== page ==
The Family Refugee Support Project was established in 1999 and grew out of concern among local health professionals about the lack of services for asylum seeking and refugee families living in Merseyside. Having originally been under the auspices of Alder Hey Children’s Hospital, FRSP became an independent registered charity in 2003.
Apart from language, there are other barriers to accessing therapy for people who have experienced extreme trauma and who have come from cultures and backgrounds so different from the majority population in the UK. The western concept of counselling and psychotherapy are alien to many British born people, and even more so to families seeking asylum from different continents.
The profile of client families has changed along with government policy, seeing people seeking asylum in the UK being dispersed to Liverpool from different countries. Many have experienced complex and diverse traumas but with similar and devastating impacts on themselves and their family relationships.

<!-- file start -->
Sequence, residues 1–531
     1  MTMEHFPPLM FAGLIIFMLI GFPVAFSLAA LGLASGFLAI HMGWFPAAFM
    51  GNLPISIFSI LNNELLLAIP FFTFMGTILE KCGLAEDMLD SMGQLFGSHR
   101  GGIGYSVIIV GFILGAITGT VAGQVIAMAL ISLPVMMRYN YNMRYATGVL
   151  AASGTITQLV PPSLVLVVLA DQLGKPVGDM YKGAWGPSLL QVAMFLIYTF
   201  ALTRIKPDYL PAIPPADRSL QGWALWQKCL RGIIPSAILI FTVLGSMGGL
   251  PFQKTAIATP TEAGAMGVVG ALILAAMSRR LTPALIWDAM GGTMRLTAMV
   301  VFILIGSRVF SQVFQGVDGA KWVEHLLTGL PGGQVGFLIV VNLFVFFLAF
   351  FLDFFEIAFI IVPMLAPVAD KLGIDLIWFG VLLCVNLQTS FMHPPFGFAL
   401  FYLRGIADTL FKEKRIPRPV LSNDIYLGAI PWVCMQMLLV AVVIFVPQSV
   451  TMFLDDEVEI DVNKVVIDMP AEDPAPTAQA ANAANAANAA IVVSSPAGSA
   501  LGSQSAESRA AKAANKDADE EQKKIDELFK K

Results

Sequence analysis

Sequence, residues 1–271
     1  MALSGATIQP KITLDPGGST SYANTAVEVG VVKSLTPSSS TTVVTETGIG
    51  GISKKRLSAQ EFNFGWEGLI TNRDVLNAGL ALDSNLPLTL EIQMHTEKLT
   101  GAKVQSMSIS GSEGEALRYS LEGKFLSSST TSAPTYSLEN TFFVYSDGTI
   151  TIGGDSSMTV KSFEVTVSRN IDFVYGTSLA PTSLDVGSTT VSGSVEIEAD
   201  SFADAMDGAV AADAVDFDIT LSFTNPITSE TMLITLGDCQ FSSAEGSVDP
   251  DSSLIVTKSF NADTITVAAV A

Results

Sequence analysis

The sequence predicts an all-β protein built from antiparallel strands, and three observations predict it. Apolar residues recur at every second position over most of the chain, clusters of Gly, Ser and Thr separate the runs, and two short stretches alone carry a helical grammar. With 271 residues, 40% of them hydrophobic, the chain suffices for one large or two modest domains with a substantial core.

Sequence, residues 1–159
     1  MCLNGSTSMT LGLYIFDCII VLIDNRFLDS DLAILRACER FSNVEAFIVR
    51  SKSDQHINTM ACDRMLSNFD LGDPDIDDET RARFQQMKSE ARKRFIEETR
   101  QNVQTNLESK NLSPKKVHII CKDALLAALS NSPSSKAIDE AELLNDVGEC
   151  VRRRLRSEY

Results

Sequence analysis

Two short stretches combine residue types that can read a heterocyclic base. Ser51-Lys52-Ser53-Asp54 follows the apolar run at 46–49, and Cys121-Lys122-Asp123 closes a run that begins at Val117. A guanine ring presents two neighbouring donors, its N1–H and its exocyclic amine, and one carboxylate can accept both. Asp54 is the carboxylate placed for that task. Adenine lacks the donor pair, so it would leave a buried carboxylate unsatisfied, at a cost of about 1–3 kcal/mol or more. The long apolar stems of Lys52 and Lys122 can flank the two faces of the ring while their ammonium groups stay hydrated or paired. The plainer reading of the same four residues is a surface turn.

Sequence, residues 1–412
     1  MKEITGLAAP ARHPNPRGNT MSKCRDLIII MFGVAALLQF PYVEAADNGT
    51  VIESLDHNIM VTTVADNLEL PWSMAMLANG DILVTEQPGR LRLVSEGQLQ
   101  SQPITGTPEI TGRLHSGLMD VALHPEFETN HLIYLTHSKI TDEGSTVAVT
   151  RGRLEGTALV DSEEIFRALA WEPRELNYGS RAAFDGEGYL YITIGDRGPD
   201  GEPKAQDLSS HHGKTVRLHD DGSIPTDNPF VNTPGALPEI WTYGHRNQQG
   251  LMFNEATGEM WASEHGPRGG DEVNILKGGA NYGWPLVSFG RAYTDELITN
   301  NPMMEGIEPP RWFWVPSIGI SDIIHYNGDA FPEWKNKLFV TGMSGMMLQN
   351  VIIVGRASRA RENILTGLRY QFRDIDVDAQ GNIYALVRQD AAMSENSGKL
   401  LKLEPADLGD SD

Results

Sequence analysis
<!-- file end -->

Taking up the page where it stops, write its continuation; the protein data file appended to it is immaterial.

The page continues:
In 2010, the Project developed its own garden to enable families who would struggle to manage an allotment or work in an allotment setting. This has enabled us to work with more vulnerable families, still allowing the medium of horticulture to enable growth and healing in a way that traditional ‘office based’ therapy cannot.